The International Space Station will continue its home improvement project next year, this time by adding a large, inflatable workroom from Bigelow Aerospace.
The Bigelow Expandable Activity Module, or BEAM, will head to low-Earth orbit (LEO) in 2015 aboard the Dragon, a rocket built and operated by the privately run, Elon Musk-founded company SpaceX.
NASA is paying Bigelow $17.5 million for its extra room.
The addition of a relatively inexpensive room, built by a private company and put into orbit by a private company, marks a fairly significant transition for manned spaceflight: From an activity led primarily by government agencies to one dominated by commercial interests.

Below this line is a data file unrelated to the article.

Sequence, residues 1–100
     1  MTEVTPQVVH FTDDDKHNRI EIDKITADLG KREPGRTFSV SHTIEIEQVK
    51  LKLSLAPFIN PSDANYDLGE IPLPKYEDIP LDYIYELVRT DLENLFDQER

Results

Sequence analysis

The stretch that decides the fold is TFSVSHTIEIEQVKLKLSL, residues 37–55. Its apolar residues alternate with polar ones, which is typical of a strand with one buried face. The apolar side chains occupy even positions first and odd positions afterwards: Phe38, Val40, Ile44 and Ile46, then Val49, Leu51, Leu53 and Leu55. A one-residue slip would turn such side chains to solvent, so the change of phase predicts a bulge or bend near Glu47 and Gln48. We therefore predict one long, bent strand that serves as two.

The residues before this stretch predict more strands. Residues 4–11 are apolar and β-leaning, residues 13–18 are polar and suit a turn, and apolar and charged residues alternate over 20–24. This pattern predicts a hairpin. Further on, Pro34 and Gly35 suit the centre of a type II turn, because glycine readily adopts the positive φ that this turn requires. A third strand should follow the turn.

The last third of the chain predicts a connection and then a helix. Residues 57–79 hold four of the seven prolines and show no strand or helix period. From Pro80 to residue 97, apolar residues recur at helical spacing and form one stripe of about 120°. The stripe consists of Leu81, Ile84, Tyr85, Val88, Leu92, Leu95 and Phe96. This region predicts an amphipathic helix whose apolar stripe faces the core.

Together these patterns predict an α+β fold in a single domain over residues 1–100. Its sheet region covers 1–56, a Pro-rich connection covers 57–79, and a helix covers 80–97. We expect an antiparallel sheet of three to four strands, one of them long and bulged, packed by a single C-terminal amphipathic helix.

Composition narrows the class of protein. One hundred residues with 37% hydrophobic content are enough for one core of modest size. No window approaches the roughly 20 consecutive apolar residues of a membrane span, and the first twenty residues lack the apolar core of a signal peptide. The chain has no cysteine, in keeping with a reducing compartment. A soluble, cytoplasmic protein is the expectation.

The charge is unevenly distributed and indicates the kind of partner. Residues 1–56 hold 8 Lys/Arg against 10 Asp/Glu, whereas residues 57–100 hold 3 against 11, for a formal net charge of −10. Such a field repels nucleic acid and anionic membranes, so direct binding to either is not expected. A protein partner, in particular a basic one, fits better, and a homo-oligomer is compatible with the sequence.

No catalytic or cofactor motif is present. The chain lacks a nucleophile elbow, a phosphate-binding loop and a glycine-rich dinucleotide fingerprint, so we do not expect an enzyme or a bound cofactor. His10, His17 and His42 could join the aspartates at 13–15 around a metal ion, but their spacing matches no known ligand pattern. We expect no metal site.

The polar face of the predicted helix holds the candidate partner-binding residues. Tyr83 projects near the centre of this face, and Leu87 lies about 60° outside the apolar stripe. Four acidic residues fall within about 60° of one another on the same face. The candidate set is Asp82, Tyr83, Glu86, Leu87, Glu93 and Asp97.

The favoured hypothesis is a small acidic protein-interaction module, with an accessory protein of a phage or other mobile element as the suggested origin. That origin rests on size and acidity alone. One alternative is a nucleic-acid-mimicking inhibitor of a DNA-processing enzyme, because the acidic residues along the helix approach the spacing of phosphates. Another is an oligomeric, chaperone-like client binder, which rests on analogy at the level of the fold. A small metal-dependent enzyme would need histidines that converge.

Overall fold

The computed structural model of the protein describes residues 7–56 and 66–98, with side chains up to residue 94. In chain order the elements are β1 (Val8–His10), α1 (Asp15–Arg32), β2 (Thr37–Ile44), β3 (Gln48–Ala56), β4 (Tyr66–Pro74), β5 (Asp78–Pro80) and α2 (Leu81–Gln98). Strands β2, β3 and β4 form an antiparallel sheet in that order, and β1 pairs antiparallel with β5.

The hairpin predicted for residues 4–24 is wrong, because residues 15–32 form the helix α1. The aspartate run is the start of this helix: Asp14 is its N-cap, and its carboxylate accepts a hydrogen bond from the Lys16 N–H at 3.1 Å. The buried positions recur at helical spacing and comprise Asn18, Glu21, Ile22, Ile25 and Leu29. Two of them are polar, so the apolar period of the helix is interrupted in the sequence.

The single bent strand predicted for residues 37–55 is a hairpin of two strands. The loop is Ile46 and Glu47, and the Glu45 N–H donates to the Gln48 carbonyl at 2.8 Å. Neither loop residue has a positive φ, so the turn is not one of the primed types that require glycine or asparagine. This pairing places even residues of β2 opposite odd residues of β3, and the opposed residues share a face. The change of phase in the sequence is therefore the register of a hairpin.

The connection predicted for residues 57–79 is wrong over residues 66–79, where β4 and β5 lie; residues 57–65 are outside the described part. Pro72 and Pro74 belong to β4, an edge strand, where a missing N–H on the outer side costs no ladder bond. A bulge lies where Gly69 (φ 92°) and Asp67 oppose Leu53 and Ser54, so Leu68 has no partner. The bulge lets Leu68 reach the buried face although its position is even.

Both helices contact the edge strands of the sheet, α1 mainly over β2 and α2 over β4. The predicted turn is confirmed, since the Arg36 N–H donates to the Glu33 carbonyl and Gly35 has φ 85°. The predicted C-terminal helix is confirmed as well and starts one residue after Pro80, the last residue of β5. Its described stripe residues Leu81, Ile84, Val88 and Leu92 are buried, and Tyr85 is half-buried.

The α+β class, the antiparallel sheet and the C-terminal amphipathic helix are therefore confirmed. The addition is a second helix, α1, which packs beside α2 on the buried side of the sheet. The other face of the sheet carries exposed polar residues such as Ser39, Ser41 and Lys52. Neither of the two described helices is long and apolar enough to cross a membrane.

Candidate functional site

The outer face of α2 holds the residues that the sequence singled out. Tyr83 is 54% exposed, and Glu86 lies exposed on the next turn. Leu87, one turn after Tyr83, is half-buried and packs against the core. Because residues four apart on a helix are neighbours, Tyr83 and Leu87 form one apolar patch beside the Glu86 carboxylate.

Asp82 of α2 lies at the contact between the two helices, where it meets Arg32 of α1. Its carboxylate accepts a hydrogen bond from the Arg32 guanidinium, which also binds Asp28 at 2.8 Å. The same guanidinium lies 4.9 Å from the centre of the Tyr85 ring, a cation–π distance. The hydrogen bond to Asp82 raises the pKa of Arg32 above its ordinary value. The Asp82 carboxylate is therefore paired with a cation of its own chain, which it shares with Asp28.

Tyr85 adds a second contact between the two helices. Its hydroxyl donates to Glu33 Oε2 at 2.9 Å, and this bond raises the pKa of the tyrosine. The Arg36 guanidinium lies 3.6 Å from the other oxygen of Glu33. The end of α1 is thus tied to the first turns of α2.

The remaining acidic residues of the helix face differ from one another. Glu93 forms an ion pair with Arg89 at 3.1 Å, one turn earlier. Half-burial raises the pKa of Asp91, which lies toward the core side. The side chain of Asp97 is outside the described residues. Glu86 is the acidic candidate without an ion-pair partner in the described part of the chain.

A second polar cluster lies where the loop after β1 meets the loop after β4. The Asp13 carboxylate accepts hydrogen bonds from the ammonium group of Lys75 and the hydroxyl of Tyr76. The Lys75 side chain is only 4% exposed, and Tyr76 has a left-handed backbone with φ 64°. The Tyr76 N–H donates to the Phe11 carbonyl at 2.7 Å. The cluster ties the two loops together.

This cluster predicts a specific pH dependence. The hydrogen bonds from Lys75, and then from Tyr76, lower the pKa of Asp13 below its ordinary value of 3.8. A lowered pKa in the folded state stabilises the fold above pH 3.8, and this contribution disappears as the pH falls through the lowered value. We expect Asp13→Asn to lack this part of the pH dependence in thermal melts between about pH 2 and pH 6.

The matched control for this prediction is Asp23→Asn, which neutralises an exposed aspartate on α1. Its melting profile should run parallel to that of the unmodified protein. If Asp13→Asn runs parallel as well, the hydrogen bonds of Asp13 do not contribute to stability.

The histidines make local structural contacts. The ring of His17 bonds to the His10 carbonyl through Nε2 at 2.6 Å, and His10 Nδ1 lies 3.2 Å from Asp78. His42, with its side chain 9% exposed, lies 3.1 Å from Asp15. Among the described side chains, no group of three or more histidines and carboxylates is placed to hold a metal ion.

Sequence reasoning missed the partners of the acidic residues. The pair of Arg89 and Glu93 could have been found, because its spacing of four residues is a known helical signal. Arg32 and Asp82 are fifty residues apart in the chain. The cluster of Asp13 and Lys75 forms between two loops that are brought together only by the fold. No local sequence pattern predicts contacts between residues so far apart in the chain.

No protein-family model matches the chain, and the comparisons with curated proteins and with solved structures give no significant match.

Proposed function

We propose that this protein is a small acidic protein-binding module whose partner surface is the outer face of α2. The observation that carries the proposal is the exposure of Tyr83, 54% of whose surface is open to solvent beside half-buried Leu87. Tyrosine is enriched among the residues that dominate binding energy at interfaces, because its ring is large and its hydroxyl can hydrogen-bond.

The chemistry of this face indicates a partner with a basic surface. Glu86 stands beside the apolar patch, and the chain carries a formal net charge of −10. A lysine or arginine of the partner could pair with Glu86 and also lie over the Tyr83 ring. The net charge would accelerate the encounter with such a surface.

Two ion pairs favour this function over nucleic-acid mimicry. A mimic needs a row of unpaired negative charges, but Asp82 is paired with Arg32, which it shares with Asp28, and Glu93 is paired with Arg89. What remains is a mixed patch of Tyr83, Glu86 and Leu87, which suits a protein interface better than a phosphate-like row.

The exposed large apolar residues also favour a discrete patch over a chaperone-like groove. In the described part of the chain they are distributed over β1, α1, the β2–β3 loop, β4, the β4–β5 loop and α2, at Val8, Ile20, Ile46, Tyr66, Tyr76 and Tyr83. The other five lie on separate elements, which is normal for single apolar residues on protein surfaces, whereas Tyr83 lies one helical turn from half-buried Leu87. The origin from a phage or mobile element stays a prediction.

“LEO will become a commercial domain,” Mike Gold, the director of D.C. operations for Bigelow Aerospace, told Space.com.
Gold added that this mirrors an earlier transition with unmanned satellites. In the 1950s and 1960s, nearly every artificial satellite orbiting the Earth was put there by a government entity. Now, the publicly funded satellites are the exception, while most orbiters are put there by companies like DirecTV, Sirius/XM, Hughes, Loral Skynet, and many others.
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